One of two observatories in the United States that made the first direct observations of gravitational waves will be designated a historical physics site by the American Physical Society Wednesday June 20 in Livingston, La.
The Laser Interferometer Gravitational Wave Observatory (LIGO) which sits on LSU property has conducted research continuously over two decades with LSU faculty and students serving as major contributors.
“Achieving this major scientific breakthrough of being the first to detect gravitational waves took a tremendous amount of vision and perseverance by LSU faculty and administrators including then-Chancellor James Wharton and state leaders. LSU continues to be a place where great discoveries are made,” said LSU President F. King Alexander.
LIGO Livingston is one of two observatories in the U.S. that made the first direct observations of gravitational waves emanating from violent and distant astronomical events. The two observatories, one in Louisiana and the other in Hanford, Wash., will receive plaques to recognize the extraordinary efforts that led to this detection.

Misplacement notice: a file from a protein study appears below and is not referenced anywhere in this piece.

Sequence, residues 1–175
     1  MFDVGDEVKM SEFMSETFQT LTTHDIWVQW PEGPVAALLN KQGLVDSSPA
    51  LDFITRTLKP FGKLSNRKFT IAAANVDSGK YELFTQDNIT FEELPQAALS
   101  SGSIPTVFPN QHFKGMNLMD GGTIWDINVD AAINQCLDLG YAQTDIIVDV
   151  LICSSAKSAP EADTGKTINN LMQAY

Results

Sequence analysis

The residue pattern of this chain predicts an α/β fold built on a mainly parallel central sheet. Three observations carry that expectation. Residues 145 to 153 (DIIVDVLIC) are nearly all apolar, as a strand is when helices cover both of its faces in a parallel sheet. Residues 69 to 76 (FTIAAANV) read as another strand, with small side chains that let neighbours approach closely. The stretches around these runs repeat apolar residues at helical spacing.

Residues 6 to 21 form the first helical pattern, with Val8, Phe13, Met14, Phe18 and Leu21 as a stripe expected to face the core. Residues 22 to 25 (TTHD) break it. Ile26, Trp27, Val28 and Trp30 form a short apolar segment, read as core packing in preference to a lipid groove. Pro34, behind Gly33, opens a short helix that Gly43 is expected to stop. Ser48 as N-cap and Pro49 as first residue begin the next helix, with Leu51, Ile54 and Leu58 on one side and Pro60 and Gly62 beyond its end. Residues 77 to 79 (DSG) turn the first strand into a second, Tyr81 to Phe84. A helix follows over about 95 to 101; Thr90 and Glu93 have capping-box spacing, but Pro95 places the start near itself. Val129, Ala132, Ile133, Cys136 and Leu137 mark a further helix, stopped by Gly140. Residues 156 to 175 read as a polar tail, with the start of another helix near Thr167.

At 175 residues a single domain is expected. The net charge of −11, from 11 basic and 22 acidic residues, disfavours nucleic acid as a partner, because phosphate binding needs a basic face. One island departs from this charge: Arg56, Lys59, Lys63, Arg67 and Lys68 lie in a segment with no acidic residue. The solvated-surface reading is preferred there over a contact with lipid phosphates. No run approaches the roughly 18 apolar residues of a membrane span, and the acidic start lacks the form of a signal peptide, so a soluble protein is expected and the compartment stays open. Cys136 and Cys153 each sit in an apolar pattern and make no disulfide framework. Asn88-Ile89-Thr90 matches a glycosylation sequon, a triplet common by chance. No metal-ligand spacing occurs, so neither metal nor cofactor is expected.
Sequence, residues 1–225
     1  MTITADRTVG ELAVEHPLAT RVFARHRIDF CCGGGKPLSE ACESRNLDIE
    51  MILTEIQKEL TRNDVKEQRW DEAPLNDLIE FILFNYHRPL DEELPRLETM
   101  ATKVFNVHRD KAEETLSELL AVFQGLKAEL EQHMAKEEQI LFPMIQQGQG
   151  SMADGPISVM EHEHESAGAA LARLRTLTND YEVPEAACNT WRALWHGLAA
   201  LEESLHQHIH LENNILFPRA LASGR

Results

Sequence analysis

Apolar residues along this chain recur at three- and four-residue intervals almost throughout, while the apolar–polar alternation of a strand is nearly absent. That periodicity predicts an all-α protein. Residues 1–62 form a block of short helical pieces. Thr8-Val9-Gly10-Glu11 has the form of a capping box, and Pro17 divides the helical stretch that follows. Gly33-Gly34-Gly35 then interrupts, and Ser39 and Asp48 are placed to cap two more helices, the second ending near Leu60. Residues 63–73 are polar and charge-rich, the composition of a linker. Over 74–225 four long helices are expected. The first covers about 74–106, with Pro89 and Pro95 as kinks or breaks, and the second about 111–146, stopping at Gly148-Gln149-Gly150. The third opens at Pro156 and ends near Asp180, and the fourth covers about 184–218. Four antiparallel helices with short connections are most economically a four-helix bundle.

The citation on the plaques reads:
On September 14, 2015, LIGO interferometers at Livingston, Louisiana, and Hanford, Washington, made the first direct observation of gravitational waves. The precision required to detect these tiny disturbances in space-time, caused by merging black holes, was made possible by the coordinated labor of over one thousand scientific and technical workers. This and a companion plaque at the other LIGO site recognize their contributions to this historic detection.”
The special ceremony to commemorate this special event is set to be held at 11 a.m. and there will be a live stream of the event below here.